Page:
What is Aikido?
Aikido is a responsive martial art in which the practitioner uses off-balances and an attacker’s own strength and momentum to gain control instead of attempting specific techniques to prevail. An advantage of this tactic is that Aikido can be performed by people of almost any age or size, often despite physical limitation, and still be effective against even the largest and strongest of individuals.
Because of the risk of physical harm inherent in the practice of any martial art, Aikido practice is co-operative in nature. We do not train with “opponents,” but with “partners.” When we practice a technique, our partner’s job is to set up a situation in which that particular technique will work properly. The partner, or uke, does this by attacking and reacting in a specific way which safely simulates a real attack. At advanced stages of practice the partner may begin trying to counter the technique if given the opportunity; this type of practice leads to free form practice called randori.
Aikido has no unified religious aspect. Instead there is a philosophy which is more or less shared by most Aikidoka. The core of this philosophy includes two fundamental threads: a commitment to peaceful, creative resolution of conflict whenever possible and a commitment to general self-improvement.
Brief History of Aikido
Aikido was invented in Japan during the early 20th century by a man named Morehei Uyeshiba. Uyeshiba had previously intensely studied various forms of armed and unarmed fighting such as jujitsu, stick-fighting, and spear-fighting. All of these previous studies blended with Uyeshiba’s own ideas into what became known as Aikido.
Morehei Uyeshiba taught for many years in various parts of Japan. During this time he taught the men who were to spread Aikido throughout the world. Many of Uyeshiba’s prominent students studied with him after World War II and continue with Hombu style aikido, namely Saito, Chiba, Saotome, and Tohei. Founders of their own schools of Aikido are Gozo Shioda and Kenji Tomiki, who were among Uyeshiba’s first students prior to WWII. Kenji Tomiki was a high ranking judoka when he began studying under Uyeshiba. While different students each picked up on different aspects of Uyeshiba’s teachings, Tomiki believed the literally thousands of techniques were essentially variations on some recurring central techniques that could be taught easier and more in-depth.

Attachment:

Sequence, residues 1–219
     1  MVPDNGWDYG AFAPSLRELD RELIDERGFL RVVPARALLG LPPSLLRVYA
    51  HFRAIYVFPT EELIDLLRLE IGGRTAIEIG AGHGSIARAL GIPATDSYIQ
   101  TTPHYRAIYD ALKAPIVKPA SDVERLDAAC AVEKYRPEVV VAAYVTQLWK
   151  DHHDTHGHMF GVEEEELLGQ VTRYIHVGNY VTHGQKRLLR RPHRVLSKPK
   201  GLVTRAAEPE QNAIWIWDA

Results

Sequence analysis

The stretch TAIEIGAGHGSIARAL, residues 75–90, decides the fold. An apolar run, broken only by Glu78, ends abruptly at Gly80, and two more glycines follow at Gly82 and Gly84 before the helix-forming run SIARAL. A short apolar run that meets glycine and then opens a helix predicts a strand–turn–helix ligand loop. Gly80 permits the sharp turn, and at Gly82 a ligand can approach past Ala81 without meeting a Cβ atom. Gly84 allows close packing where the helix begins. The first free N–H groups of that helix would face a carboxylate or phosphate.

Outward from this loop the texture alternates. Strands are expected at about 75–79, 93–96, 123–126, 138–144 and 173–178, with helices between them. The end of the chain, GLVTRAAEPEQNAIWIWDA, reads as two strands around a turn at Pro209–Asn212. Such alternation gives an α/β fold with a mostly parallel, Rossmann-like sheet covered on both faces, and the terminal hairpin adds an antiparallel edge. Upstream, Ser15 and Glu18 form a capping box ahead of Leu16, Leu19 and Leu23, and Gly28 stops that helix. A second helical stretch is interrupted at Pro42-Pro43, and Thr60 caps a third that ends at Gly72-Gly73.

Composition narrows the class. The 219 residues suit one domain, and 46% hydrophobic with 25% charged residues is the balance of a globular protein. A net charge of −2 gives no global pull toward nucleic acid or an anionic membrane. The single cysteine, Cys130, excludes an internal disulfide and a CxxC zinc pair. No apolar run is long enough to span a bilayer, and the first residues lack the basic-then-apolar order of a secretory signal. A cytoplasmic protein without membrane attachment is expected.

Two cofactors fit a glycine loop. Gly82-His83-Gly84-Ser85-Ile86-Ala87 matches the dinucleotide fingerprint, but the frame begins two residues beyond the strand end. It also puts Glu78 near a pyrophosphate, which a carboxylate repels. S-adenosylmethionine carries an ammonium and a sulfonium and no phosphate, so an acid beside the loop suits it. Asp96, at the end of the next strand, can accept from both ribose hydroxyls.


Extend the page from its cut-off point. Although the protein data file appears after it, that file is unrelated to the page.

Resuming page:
When Tomiki began teaching Aikido classes at Waseda University and at the Kodokan, he interpreted and conveyed the aspects of Aikido in terms of his Judo training, namely: a strong emphasis on off-balance and ways to proliferate Aikido in modern society. He also included some elementary principles essential to proper execution of techniques.
Tomiki trained many notable individuals during his lifetime, including Hideo Ohba, Takeshi Inoue, Tsunako Miyake, Riki Kogure, and Karl Geis. With Kogure’s help and Miyake’s support, Geis and his students intensely studied Aikido with an eye for utility and practicality over aesthetics, thereby furthering the development of Aikido into the viable self-defense we study today. Chuck Caldwell and Nick Lowry are two of Geis’s senior students that we study with today. This search for knowledge continues.